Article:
Two Sessions 2021: Government Urged to Tackle Housing Crisis
Chinese leaders have dwelt on the country’s housing crisis during the ongoing “Two Sessions” annual political meetings in Beijing.
In recent years, many Chinese cities have suffered from high home prices, unaffordable rents, social housing shortages, unscrupulous property agents and monopolistic real estate practices.
The problems are particularly acute for young people. A 2018 survey of more than 2,000 Chinese people aged between 18 and 35 found (link in Chinese) that four-fifths thought making rent was a “great financial burden.”
In his annual government work report last week, Premier Li Keqiang stressed that China must “properly safeguard the masses’ demand for housing,” reiterating that “homes are for living in, not for speculating on.”
He said the country must stabilize house prices, increase the land supply, bring down high rents, and “do everything possible to ease the difficulties for urban residents and young people.”
A number of policy suggestions submitted to the government by Two Sessions participants address these concerns. Take a look at our previous digests to see how the suggestions system works or to read suggestions on business and finance, social policy and the environment.
Ease youngsters’ pain
Wang Feng, the Communist Youth League’s head of protecting the rights and interests of young people, submitted a recommendation that China address the “pain points” of young renters, including so-called rental loans and the practice of real estate agents collecting rent from tenants on a long-term basis and paying it to landlords in short-term installments.
The recommendation may be a covert reference to online rental platform Danke Apartment, whose debt-laden business model collapsed last year, leaving property owners out of pocket.
Boost the housing supply
Chen Jinshi, an NPC deputy and the chairman of the board of architectural services conglomerate Zhongnan Holding Group Co. Ltd. , proposed that China allow large cities to “establish links” with surrounding county-level cities and semirural areas to increase the housing supply and reduce pressure on urban areas.
The country should also “resolve the contradiction between supply and demand” while promoting the development of small, peripheral cities, he urged.
Rights for renters
China should strengthen the “concentrated management” of real estate loans, speed up reform of the property tax system and greatly expand the social housing supply, according to a proposal by the Chinese Peasants’ and Workers’ Democratic Party, one of the country’s eight recognized minor political parties.
The country should also grant renters the same rights to public services as buyers, tilt the land supply further toward rental developments and improve the housing provident system, the party said.
The suggestions are designed to both ease housing problems in large cities and bring the property market in line with the Communist Party’s much-touted “dual circulation” strategy, which aims to increase the share of domestic consumption in China’s economy.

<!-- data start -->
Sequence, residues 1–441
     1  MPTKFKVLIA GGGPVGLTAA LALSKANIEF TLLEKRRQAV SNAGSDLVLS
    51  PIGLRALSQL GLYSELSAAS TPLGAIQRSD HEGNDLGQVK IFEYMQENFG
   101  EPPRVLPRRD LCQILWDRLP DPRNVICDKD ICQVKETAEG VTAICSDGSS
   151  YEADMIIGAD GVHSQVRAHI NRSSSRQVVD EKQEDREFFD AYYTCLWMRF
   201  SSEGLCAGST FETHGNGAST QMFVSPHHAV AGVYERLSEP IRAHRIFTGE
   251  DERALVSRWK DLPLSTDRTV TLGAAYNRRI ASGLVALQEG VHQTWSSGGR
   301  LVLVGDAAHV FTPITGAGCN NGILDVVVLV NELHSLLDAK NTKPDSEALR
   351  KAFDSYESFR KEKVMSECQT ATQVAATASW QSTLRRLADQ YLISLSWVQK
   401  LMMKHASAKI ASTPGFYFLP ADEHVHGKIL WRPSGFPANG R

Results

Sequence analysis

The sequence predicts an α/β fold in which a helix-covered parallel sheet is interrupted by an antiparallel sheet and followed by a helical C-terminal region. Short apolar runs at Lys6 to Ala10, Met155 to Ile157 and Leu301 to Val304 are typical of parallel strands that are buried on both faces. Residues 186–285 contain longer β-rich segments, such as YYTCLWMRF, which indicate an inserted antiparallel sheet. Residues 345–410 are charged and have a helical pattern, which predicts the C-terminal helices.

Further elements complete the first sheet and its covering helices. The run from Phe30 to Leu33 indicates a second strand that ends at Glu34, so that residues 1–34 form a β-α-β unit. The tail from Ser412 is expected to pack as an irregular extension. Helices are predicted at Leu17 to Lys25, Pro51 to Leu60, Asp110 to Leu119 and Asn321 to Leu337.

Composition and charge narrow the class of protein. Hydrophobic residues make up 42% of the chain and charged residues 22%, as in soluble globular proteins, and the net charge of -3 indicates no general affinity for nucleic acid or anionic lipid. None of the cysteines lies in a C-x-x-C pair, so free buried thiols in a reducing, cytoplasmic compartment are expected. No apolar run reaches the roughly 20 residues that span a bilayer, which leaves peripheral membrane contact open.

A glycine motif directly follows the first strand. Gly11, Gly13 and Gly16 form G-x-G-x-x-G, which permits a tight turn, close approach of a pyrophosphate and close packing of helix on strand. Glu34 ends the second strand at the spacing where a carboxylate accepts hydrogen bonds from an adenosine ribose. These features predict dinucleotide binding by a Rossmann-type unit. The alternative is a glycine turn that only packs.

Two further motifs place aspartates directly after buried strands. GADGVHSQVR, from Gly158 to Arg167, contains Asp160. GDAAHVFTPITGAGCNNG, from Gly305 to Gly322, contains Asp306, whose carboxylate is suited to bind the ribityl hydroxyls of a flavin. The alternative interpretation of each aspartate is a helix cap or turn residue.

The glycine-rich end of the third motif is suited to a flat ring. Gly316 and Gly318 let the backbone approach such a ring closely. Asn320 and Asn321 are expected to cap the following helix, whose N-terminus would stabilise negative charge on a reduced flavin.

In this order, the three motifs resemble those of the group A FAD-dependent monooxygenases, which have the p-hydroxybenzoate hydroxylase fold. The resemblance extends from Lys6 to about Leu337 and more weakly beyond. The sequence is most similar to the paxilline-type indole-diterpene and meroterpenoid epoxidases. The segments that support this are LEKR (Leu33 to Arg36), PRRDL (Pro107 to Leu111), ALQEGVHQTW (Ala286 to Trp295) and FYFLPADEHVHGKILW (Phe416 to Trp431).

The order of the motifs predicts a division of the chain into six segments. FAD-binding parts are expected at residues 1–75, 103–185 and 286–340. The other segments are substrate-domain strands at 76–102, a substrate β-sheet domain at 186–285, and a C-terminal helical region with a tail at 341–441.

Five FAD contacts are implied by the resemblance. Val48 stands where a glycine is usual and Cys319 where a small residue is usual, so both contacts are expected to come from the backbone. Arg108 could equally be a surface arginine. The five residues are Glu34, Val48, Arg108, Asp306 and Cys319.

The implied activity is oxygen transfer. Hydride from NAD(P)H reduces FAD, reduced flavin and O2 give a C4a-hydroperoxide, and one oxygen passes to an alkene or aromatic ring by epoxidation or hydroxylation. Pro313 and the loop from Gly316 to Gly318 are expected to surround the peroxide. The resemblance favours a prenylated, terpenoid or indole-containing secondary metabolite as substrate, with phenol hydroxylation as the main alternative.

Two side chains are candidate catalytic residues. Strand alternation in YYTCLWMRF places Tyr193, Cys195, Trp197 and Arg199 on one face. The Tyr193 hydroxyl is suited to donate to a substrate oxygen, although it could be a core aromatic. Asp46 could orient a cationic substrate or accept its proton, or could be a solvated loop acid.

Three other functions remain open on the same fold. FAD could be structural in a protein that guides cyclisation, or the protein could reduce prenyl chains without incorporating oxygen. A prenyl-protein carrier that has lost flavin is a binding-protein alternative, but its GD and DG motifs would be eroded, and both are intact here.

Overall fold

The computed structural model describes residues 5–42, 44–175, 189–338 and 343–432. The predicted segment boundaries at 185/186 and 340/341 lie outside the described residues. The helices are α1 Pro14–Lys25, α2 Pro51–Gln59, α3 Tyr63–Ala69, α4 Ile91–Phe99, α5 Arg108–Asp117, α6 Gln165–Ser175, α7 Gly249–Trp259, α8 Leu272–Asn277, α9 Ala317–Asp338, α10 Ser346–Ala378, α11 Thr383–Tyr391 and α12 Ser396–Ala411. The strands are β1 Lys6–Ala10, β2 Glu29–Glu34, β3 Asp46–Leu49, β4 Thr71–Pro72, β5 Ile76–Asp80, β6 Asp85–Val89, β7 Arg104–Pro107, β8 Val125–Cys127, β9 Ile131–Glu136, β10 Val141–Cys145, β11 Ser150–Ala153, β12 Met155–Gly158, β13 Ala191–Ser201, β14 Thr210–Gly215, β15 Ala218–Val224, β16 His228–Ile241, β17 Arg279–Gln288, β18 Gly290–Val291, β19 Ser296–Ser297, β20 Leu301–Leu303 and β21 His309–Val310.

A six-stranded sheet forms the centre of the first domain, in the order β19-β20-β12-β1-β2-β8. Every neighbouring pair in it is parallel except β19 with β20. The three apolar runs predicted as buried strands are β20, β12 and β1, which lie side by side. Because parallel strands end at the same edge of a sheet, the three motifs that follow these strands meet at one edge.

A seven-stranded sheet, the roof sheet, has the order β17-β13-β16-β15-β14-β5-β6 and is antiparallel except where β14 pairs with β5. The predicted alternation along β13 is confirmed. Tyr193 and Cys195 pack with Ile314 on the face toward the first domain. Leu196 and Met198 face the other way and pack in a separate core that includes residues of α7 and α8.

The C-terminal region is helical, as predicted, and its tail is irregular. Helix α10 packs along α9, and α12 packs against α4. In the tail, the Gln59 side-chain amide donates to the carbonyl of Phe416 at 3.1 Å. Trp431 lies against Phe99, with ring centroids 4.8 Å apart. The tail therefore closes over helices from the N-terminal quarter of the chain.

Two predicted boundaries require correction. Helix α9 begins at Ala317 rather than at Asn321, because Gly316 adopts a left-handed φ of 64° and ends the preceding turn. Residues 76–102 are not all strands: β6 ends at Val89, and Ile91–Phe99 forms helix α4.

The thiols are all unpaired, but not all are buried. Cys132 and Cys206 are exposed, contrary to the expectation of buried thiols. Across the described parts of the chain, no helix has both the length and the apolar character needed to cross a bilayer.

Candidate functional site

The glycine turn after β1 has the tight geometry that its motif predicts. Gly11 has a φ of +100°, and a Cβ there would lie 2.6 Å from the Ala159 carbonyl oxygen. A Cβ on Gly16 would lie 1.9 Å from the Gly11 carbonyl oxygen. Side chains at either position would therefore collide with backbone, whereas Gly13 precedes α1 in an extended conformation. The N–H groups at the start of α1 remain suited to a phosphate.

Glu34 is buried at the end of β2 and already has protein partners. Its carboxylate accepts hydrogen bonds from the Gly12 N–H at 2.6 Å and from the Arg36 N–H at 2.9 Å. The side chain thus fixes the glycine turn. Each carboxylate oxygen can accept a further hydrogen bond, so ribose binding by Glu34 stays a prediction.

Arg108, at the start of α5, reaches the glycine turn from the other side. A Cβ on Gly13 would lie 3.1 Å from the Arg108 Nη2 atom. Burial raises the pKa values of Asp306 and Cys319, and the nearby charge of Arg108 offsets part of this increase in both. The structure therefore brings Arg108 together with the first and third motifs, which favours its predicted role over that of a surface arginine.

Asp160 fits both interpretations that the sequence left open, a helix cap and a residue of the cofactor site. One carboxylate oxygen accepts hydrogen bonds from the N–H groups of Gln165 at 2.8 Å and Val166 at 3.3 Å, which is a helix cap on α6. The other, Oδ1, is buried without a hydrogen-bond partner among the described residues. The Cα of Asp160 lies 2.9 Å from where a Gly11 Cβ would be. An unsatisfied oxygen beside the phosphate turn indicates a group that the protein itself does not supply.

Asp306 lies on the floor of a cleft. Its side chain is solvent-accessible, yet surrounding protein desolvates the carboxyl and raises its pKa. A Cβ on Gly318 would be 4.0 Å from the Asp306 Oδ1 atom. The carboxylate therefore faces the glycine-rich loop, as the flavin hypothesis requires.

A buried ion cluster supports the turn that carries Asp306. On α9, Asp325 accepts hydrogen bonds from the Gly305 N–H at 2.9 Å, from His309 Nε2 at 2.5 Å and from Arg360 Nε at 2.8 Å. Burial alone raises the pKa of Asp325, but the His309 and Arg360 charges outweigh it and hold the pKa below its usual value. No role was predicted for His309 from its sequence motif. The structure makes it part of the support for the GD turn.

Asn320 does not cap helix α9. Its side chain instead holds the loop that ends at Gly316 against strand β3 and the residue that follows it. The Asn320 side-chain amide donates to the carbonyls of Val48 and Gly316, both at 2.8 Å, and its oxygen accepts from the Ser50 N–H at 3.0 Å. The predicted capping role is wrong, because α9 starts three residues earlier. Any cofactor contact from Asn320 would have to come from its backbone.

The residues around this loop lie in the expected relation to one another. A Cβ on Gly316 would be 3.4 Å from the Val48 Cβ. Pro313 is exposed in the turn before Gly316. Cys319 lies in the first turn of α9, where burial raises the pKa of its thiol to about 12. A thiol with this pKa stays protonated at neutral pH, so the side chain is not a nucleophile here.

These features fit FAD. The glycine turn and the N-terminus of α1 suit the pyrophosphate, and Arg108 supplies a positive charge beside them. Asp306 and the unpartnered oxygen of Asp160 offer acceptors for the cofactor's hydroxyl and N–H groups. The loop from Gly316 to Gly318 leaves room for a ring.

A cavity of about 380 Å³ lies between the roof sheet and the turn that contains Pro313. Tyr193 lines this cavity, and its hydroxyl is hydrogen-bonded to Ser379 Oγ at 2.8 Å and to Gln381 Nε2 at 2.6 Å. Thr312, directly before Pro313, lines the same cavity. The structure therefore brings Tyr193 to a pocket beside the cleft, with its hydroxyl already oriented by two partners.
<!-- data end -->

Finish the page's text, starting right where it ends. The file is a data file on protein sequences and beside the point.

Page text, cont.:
China should abolish the presale system for commercial housing and sell such properties at prices determined by how much space they occupy within a development, according to a recommendation by Zhou Shihong, a deputy of the Lawyers’ Association of East China’s Anhui province.
The move would ensure that developers do not use presales to pass on operational costs and risks to homebuyers, while also combating fund misappropriation in the property market, Zhou said.
Limit provident funds
Qiu Guanghe, an NPC deputy and founder of Zhejiang Semir Garment Co. Ltd. (SZ:002563), proposed that China set a time limit on claiming housing provident funds, lump-sum payments from employers to workers on leaving their place of employment.
Chinese law currently permits people to claim provident funds at any time, a situation that can “aggravate the plight” of small and midsized businesses, Qiu argued, without being specific.
Get a new regulator
China should set up an agency to regulate the housing market and curb monopolistic practices, according to a recommendation by Mo Tianquan, the head of Fang Holdings Ltd., which owns one of the country’s biggest real estate internet portals.
The agency would aim to foster healthy competition in order to dilute China’s heavily concentrated markets for new and second-hand homes, a key driver of price distortions in the country’s real estate sector, Mo said.
China should further promote the development of the long-term rental market, according to a proposal by Yao Jinbo, the CEO of 58.com, a Chinese classified advertising website.
Boosting long-term rentals will help to bring order to a chaotic market, fix structural imbalances in the housing stock of top-tier cities and address disparities in the right of renters and buyers to use public services.
Contact reporter Matthew Walsh (firstname.lastname@example.org) and editor Joshua Dummer (email@example.com)
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